Taste Brazilian olive oil and you will find out a new passion. Our oils are already known for their freshness and specific notes of flavor. However, the main feature of Brazilian production is the short period between harvesting olives, extracting the oil, and selling the product. This ensures that the extra virgin olive oil is fresh and tasty at the consumers’ table.
The first more consistent research on olive cultivation in Brazil dates back to the 1970s, although there have been attempts registered since the 19th century. Currently, the production is centered around two regions, where the conditions are more favorable. In the Southeast Region, it is produced in Serra da Mantiqueira, which extends to the states of Minas Gerais, São Paulo, and Rio de Janeiro. The mild climate also contributes to production in the states of Rio Grande do Sul, Santa Catarina, and Paraná. During winter, negative temperatures are common in these states, which is essential for good harvesting.
The annual harvest in Serra da Mantiqueira began at the end of January. This year, producers and experts are hoping for record production in the region, which is expected to exceed 21,100 gallons of oil extracted in 2018. A researcher at the Agricultural Research Company of Minas Gerais (EPAMIG), Pedro Moura explains that last year’s weather conditions contributed to this scenario. “We had good flowering and excellent fruiting due to the cold registered during the winter. The region was hit by three very strong cold waves between July and August, and this benefited the olive groves,” Moura says.
Since the first olive oil extraction carried out by EPAMIG in 2008, technologies have been improved, and planted areas have been expanding by about 20% a year. Each year, the improvement of production processes enhances the product’s quality. This year’s harvest in Serra da Mantiqueira began at the end of January and continues until the end of March. Moura points out that most of the olives picked in this first month are greener, which provides oil that is bitterer and spicier.
Olive grower Vanessa Bianco, from the municipality of Baependi, in the south of Minas Gerais, says that she takes advantage of both moments to harvest olives used in the production of the Olivais Gamarra oils. “We began the harvest on January 17th. We choose to begin when the olives are quite green but already at a point when they have oil, to obtain a more intense flavor. We press the most mature olives, which have a more fruity flavor, with Sicilian lemon,” she explains.
According to Bianco, the extraction on her property is done by a mechanical press developed on the farm. She says that in 2022 the production will reach 130 gallons of olive oil, three times the amount of the previous harvest. Currently, all the olive oil produced is consumed in the Mantiqueira region. Having received a medal in the last three editions of the Brazil International Olive Oil Competition, Bianco reinforces the importance of taking part in awards as much as possible.
This year’s sales have just begun. “We have already started marketing unfiltered olive oil, which we call ‘Gamarra Novo olive oil.’ It is much more intense, has a certain spiciness and a more marked bitterness because it is freshly extracted. In mid-March, we will start marketing a small single-varietal batch of Koroneiki, Sicilian lemon oil, and our field blend, which this year will include in its composition the Coratina and Picual varieties—which are in the first harvest. This brings together the traditional Koroneiki, Arbequina, Maria da Fé, and Grappolo,” concludes Vanessa.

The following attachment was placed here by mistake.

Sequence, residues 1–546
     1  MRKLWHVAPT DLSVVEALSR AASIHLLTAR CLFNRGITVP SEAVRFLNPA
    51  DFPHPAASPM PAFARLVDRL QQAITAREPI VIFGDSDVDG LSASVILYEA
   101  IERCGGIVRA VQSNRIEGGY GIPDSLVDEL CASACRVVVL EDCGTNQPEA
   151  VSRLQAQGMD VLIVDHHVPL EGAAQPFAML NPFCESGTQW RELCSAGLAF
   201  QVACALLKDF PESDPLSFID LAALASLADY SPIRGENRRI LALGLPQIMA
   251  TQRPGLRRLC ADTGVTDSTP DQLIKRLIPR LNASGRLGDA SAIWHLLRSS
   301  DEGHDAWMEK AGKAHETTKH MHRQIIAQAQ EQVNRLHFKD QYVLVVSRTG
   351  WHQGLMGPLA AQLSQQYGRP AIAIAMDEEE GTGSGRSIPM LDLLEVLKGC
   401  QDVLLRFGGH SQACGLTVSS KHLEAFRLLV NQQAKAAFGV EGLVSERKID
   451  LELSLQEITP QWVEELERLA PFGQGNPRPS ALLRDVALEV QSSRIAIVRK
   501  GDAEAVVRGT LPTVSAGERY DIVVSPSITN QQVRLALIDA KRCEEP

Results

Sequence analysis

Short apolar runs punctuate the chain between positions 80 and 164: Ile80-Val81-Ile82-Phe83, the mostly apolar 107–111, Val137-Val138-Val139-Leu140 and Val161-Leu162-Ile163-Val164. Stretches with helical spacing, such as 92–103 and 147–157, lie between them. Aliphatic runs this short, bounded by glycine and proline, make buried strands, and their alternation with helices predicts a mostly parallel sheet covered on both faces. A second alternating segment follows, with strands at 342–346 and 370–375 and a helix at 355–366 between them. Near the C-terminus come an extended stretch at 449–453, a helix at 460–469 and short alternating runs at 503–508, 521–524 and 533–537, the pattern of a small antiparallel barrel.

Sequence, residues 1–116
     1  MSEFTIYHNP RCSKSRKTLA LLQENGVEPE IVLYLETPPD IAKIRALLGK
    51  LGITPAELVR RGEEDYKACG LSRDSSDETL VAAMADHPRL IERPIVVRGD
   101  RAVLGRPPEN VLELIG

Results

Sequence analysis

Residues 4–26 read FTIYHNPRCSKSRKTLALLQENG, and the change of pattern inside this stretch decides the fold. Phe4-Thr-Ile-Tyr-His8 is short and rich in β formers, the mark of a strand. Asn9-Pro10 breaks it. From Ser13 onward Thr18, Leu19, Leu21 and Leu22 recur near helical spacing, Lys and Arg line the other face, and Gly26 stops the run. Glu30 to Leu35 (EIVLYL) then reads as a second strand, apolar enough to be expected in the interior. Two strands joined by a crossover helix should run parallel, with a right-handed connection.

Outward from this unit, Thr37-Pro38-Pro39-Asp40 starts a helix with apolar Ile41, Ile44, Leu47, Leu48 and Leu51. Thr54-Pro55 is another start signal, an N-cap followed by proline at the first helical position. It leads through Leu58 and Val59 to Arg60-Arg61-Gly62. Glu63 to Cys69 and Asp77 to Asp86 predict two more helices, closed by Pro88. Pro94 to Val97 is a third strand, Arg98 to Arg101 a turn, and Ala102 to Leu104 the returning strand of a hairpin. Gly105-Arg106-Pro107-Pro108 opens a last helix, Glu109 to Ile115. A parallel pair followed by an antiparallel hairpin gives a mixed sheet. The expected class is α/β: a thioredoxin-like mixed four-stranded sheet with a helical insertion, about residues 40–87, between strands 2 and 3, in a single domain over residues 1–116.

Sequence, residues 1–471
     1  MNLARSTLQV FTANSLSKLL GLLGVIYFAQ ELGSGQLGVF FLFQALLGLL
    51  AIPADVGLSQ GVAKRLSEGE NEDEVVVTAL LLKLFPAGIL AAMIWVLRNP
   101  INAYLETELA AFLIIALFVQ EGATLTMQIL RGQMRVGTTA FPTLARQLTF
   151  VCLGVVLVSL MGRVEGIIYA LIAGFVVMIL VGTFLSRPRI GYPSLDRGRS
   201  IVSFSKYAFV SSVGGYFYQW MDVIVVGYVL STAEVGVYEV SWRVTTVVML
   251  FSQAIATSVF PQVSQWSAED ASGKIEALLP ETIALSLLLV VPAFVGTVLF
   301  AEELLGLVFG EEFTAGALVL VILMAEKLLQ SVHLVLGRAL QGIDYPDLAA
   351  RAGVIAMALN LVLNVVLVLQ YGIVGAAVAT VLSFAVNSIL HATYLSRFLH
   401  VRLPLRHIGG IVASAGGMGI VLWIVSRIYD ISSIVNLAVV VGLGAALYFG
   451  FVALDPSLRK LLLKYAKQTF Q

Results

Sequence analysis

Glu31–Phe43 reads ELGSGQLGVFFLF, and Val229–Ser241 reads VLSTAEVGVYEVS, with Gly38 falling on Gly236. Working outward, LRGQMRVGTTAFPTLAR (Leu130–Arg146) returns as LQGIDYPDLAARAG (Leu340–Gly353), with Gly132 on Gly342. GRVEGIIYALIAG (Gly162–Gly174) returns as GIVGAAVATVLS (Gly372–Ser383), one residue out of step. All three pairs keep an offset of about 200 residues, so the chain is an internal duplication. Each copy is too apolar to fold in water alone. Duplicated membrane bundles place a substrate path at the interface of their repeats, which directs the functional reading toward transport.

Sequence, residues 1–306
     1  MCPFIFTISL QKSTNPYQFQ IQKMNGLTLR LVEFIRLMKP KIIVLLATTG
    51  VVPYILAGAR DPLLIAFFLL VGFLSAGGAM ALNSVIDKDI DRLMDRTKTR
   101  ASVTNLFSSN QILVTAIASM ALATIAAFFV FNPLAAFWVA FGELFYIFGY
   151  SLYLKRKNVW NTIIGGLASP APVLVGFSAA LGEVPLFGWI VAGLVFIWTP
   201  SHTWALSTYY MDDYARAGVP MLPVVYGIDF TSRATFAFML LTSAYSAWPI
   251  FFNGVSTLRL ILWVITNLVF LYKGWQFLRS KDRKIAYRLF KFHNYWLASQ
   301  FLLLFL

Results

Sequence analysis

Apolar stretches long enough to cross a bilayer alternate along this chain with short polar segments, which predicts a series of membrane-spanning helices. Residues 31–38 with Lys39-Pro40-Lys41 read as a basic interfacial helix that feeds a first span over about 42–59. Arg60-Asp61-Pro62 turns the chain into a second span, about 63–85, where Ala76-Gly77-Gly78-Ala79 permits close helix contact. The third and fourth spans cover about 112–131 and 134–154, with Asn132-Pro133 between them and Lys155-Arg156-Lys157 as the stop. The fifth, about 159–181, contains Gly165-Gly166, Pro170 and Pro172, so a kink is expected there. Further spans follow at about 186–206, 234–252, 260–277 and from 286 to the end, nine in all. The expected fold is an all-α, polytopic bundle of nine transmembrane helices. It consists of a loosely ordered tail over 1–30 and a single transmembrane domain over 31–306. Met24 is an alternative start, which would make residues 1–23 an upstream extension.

It was in 2007, in Andradas, Minas Gerais, at 14,500 feet above sea level, in the volcanic soils of Serra da Mantiqueira that the Borriello family found the perfect characteristics to develop the first olive seedlings and produce the award-winning Borriello Olive Oil. “It all began when we decided to plant olive trees, with the idea of making oil for our family. We set up an experimental field on the farm in 2007, in partnership with EPAMIG. In 2014, when we harvested 8 tons of olives, we realized that we had the terroir suitable for cultivation. From there, we decided to expand the olive groves and launch our brand,” says producer Carla Borriello.
She explains that the oil quality is not determined only by the olive—the care goes from the soil to the potting. Made from a blend that varies with each harvest—it may contain species such as Arbequina, Koroneiki, Grappolo, and Picual in different proportions—the oil has a medium body, with aromas of freshly cut grass and notes of green apple and spices. In one’s mouth, soft bitterness and a pleasant and persistent sting denote its high quality. It is an oil with a smooth, fruity, and very fresh flavor—ideal for finishing light dishes and desserts.
It’s very low acidity, of less than 0.2%, is a confirmation that the fruits do not undergo oxidation between harvesting and pressing. “The olives are harvested at the right time of maturation, and the oil is extracted within three hours after harvest in the farm’s mill, thus preventing oxidation and fermentation of the fruits. The result is a very fresh product with low acidity,” explains Carla Borriello. Today, the olive oil produced on her farm is one of the most awarded in Brazil, with haute cuisine restaurants as its main buyers.
“It brings great satisfaction to know that we managed to reach the level of international quality and win awards. When we see our olive oil in the main restaurants in São Paulo, it also brings us a lot of joy,” says Borriello. Today, the Borriello olive oil celebrates important awards for three consecutive years, such as the Flos Olei—from the most prestigious olive oil guide published in Italy.